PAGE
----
Sustainable Casting Method: Yeongchi Wu, MD, a research associate professor in physical medicine and rehabilitation at Northwestern University Prosthetics-Orthotics Center (NUPOC), Chicago, Illinois, developed a casting system that does not use plaster, which can be difficult to find in some countries. His method uses polystyrene beads as the casting material for prostheses, and recently he adapted the method for the fabrication of orthoses. The advantage of polystyrene beads, Wu says, is that they are lightweight, long lasting, and reusable. The residual limb is simply placed in the casting bag with the beads, and vacuum is applied to form the negative mold. Wu says his method has been used mostly in Thailand, India, and Africa for prosthetic socket fabrication. Clean sand can be used if there is difficulty finding polystyrene beads in small quantities.

Jaipur Foot and Stanford-Jaipur Knee: Bhagwan Mahaveer Viklang Sahayata Samiti (BMVSS), Jaipur, Rajasthan, India, is an NGO that is well known for its low-cost, durable polyurethane foot—the Jaipur Foot. It is a non-articulated foot that provides mobility in all three planes of motion and can be used with or without shoes. D.R. Mehta, founder of BMVSS, and the BMVSS team have also developed a prosthetic knee with researchers at Stanford University, California. The Stanford- Jaipur Knee provides stance phase stability and swing phase response. Mehta says the cost of the knee, foot, and shank averages US $50 but is provided by BMVSS at no cost to patients who attend any of its 22 walk-in clinics in India, or who come to a Fitment Camp in one of 26 countries in Asia, Africa, and Latin America. All components are manufactured in India.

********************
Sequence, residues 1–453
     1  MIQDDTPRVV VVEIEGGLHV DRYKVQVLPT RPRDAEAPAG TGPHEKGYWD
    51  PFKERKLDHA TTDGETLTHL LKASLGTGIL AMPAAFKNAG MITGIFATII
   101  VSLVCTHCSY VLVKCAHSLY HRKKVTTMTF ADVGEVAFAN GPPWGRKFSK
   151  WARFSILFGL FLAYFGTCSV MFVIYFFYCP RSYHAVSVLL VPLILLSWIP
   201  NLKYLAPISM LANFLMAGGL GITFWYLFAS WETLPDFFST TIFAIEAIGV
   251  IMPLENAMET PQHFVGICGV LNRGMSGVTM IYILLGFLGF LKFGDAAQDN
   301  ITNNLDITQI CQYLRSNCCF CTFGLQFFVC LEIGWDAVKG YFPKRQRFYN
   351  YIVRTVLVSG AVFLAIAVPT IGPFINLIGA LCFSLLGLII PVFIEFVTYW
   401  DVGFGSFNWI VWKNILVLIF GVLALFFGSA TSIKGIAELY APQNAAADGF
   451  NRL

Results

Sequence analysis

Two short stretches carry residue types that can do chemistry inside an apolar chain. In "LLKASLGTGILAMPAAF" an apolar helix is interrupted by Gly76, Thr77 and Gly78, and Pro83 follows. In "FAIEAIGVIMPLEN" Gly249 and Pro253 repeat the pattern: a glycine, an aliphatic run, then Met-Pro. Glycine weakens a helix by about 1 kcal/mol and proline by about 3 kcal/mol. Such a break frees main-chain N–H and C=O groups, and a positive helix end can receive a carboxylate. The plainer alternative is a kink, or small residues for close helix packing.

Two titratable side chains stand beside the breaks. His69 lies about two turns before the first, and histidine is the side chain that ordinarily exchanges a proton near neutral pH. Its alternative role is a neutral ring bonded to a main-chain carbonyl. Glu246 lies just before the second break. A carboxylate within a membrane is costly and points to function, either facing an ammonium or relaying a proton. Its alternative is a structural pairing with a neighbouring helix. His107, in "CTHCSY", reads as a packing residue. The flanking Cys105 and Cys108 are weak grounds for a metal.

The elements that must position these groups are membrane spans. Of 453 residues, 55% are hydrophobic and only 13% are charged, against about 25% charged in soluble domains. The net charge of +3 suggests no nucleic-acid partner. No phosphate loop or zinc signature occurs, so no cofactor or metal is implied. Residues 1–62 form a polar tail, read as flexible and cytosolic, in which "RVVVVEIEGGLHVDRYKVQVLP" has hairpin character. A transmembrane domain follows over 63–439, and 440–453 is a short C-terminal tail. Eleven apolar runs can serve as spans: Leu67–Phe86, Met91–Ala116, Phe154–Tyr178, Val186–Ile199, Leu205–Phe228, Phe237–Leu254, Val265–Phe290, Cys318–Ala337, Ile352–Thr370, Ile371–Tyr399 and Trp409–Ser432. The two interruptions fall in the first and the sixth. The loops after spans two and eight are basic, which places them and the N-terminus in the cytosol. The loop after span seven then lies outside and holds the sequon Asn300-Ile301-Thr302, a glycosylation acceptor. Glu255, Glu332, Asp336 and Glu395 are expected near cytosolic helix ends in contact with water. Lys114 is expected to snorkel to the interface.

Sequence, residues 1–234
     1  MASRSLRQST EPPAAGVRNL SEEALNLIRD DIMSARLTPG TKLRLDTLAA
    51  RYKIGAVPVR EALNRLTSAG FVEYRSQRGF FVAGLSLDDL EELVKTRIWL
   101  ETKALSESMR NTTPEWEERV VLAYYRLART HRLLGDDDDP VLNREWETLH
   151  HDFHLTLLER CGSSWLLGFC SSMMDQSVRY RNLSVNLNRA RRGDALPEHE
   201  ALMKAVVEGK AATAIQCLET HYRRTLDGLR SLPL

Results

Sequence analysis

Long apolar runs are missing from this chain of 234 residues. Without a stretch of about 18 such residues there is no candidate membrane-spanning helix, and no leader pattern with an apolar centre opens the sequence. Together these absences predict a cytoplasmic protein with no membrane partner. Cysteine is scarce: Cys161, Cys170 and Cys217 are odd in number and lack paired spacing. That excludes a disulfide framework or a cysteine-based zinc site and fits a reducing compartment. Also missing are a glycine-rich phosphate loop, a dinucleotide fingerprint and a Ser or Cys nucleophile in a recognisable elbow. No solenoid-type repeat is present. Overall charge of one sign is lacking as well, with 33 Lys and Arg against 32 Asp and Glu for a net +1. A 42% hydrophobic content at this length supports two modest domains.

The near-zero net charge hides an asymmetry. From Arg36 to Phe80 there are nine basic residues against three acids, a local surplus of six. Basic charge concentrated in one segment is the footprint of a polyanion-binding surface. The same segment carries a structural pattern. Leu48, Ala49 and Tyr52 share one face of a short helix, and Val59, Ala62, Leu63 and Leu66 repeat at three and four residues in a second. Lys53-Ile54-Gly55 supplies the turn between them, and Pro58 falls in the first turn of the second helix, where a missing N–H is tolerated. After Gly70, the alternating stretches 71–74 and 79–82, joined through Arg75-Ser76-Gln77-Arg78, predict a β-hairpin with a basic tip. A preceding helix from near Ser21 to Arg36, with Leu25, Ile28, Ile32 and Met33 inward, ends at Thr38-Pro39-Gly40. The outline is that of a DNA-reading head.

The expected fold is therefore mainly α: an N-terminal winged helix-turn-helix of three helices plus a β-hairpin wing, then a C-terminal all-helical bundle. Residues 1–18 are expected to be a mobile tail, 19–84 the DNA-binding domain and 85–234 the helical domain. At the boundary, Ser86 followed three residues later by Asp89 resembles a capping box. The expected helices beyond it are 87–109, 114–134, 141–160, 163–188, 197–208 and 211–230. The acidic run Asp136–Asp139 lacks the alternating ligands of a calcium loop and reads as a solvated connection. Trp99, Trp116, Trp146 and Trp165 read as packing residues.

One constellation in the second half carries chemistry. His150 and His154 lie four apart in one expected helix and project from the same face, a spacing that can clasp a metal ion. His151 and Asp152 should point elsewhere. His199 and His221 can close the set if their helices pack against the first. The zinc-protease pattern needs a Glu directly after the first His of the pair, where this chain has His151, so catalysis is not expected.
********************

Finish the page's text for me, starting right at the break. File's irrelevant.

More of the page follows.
P&O in India

Left: In India, patients have access to Bhagwan Mahaveer Viklang Sahayata Samiti (BMVSS) clinics where a prosthesis is free, allowing patients the mobility they need to work and play, regardless of their ability to pay. Right: The average cost of a Jaipur transfemoral prosthesis is US $50. Photographs courtesy of BMVSS.